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Basically, there was a security issue in the drivers for my graphics card. It was a 64-bit card and I installed 32-bit Windows.

Apparently, before SP1 was available, which fixed that issue, 6 trojan horses got in. They stopped SP1 from installing. After going through the ringer several times, I finally talked to a person who knew the problem. It was something about how the drivers tried to transfer between the 32-bit OS and the 64-bit card that left me open.

Ever since, my computer has been slow and has had weird issues. Like tinypic wouldn't ever load. Also, certain programs wouldn't install.

So I eventually talk to the dude that knew the problem and he takes the reigns and does some diagnostics. He tells me that to fix it I have to format the hard drive and do a fresh install. I'm okay with that because I was planning on it anyway, to upgrade to the 64-bit version.

The problem is, how do I do that? I have the disk to install the new copy, but when I go to install it, it tells me I can't and to check the log file. However, I don't know where that log file is, and it wiped my install of Windows out. How do I find the file and as a different route to get to the goal, how do I zero out the drive from Ubuntu 12.04? (I installed the 64-bit version just the other day)

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closed as off topic by Uri Herrera, Scott Severance, Eliah Kagan, James Henstridge, Anwar Shah Sep 27 '12 at 8:49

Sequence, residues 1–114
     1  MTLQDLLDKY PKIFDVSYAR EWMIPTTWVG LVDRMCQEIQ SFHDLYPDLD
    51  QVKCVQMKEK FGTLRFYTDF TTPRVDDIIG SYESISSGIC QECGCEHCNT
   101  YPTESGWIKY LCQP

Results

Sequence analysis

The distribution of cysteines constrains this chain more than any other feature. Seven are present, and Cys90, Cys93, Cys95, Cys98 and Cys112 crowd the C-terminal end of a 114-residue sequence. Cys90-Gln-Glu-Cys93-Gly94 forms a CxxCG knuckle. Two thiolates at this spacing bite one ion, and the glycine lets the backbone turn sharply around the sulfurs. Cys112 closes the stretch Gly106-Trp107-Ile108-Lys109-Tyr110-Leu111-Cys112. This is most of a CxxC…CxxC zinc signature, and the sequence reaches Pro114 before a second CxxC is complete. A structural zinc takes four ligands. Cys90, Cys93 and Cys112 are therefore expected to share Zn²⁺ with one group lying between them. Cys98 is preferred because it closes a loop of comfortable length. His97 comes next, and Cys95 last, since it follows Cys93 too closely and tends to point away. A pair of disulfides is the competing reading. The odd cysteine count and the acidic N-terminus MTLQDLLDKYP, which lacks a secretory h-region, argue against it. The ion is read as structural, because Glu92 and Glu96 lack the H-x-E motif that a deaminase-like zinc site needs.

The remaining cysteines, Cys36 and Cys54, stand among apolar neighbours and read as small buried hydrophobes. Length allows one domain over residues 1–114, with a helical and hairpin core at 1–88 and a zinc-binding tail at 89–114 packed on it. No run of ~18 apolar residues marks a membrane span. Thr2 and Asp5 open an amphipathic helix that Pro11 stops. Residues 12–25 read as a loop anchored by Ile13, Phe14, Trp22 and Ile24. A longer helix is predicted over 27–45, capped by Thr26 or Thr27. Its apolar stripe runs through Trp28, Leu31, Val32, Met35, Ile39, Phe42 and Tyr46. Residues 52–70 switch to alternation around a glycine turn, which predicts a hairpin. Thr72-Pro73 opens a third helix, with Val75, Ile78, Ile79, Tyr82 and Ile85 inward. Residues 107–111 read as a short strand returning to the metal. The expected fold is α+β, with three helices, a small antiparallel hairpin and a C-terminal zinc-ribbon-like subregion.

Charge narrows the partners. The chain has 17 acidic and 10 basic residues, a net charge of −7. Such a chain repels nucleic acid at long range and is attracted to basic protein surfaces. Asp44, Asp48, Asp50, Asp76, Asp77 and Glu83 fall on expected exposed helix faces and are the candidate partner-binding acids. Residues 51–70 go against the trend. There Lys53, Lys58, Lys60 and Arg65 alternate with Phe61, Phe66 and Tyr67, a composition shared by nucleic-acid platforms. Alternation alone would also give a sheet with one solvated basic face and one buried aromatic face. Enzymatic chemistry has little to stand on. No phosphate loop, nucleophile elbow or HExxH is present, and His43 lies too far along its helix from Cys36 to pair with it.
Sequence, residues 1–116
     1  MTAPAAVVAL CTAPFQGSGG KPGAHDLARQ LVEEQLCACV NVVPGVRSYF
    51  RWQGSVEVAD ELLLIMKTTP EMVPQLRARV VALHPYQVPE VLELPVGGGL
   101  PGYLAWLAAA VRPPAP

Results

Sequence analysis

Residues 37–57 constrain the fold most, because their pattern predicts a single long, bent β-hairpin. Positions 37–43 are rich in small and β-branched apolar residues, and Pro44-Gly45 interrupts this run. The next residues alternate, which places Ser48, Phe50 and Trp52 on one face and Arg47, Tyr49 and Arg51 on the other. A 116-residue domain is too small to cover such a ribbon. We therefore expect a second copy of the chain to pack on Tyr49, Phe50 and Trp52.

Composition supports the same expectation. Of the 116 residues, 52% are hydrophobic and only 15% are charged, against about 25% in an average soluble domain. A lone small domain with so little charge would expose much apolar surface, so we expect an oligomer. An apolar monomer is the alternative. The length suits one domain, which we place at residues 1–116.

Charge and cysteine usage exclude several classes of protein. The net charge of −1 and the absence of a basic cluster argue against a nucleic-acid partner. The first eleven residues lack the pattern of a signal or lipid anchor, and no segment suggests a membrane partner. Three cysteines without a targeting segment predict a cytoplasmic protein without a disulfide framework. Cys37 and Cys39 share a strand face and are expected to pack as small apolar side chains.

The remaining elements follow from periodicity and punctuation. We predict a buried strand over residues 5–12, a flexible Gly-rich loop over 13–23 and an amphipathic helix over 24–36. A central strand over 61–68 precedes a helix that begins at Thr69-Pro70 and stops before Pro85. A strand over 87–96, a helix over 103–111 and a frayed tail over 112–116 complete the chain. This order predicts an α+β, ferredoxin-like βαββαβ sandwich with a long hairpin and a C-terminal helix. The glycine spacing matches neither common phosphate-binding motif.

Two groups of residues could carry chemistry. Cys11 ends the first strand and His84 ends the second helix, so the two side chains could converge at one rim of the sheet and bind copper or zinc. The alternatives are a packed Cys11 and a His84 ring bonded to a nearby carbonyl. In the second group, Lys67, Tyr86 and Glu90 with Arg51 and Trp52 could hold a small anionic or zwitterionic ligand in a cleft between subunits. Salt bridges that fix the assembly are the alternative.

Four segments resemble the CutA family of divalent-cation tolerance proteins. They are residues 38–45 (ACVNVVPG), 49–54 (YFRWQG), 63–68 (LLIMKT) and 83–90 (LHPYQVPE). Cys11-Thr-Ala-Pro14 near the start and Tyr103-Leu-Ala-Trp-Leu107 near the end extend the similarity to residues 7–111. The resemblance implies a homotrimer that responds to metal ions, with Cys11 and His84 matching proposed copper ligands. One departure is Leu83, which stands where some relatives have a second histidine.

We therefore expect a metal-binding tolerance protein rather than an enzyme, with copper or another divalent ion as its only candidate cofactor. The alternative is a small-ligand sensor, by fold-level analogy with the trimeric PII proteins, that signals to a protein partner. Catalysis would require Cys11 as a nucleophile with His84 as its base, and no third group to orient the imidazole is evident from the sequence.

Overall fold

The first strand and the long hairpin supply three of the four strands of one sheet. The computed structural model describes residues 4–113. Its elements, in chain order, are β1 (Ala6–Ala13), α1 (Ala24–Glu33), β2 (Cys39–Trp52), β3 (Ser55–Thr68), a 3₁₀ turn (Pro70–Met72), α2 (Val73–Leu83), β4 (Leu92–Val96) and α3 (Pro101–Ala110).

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2 Answers

Boot from Ubuntu live cd and install a software called bleachbit where you can wipe uneeded inforamtion from your hard drive.more over you can use Gparted after that to delete all partitoins and repartition again.

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To answer your second question, fire up the live CD and run GParted. From there, delete all of your partitions. WARNING: This will nuke all the data on your drive.

Upon rebooting, you should be able to run the Windows installer from scratch.

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Creating a new partition table is another alternative, with essentially the same effects. –  Eliah Kagan Sep 27 '12 at 4:07
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Thanks for the idea, Scott. Unfortunately it didn't work. It still shows an error that says that it cannot either find or create a system partition for the install. Is there a way to zero the drive? It might work slightly better. –  Dana LaBerge Sep 27 '12 at 4:57
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In that case, the problem isn't with Ubuntu, but presumably is Windows-related, which would make this question off-topic for Ask Ubuntu. You might try asking over on SuperUser instead. –  Scott Severance Sep 27 '12 at 5:04
    
The only reason I asked here is because right now Ubuntu is the only operating system I have installed and am trying whatever tools it offers first. Is there a way to zero out the drive in Ubuntu? I think if I can do that it might help. –  Dana LaBerge Sep 28 '12 at 19:11
    
If following the advice given I'm the two answers here doesn't solve your problem, then the problem isn't really one for Ubuntu. One more suggestion: to zero your drive, boot from the live CD and, assuming your hard drive is /dev/sda, do dd if=/dev/zero of=/dev/sda. –  Scott Severance Sep 29 '12 at 0:53
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